Friend Request IRL

Volume 117 Editorial Board

This summer, in an email to the high school, Upper Division Head Dr. Jessica Levenstein strongly discouraged students and faculty from using their cell phones on campus, outlining the new cell phone policy that takes effect this year. While some might see it as an unnecessary and imposing measure, we think that these new expectations will bring needed change to the culture of our school. In past years, it was easy to walk through the hallways, focused on our screens, not acknowledging our peers and teachers. Hopefully this year, things will be different.

While it is ideal for changes to come from students through a shift in mindset, sometimes important changes need to be enforced and implemented by a governing body, which in this case is the school administration. See the good in these enforced expectations instead of only noting any perceived inconveniences the cell phone policy might place upon you. Too often, phones are an excuse to not greet old friends in hallways or start making new ones in the library. So now that you and your classmates won’t be on your phones in the hallways, take the time to say ‘hi’ to people around you and start impromptu conversations.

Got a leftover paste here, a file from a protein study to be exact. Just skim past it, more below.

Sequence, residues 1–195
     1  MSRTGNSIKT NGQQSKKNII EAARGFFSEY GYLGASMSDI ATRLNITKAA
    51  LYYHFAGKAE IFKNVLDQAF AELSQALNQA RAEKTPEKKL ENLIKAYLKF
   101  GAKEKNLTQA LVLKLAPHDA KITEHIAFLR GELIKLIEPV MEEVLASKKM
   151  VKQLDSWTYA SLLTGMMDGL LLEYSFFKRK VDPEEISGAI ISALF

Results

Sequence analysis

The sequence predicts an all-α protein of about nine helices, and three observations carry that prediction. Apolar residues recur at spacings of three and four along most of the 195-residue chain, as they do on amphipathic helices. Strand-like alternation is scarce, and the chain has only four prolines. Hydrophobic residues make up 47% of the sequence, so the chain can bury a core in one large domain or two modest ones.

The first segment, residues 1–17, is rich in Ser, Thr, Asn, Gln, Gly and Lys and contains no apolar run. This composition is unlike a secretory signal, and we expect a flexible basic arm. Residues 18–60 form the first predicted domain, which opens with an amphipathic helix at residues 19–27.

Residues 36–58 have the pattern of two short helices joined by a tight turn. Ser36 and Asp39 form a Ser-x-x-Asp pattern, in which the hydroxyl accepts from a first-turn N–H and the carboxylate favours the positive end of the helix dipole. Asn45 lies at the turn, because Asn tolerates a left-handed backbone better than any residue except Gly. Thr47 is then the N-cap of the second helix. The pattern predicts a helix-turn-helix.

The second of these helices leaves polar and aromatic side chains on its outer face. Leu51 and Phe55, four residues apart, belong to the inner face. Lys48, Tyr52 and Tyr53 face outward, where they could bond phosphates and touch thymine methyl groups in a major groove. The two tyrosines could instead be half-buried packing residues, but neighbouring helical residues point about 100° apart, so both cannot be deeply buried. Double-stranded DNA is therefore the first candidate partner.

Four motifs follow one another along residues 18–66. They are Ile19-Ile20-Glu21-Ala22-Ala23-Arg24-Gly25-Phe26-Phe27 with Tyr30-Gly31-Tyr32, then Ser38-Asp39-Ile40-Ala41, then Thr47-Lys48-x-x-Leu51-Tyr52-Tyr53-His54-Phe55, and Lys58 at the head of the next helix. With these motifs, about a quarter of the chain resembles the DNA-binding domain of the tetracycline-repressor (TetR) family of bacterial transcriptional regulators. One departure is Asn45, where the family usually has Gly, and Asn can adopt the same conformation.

And take it a step further. Don’t just say ‘hi’ to people: say ‘hi’ to new people. This is not only relevant for juniors and seniors who often are content with their existing friends, but also for ninth graders coming from the middle school. It’s great to be content with your current friends, but that shouldn’t inhibit you from making fantastic new ones. Let your classes, clubs and teams be a starting point for finding common ground and becoming close with those who you haven’t yet gotten to know well. A culture in which everyone looks down rather than around is an uninviting and antisocial one. It’s a new year. So, look up from your phones and see the opportunity in front of you.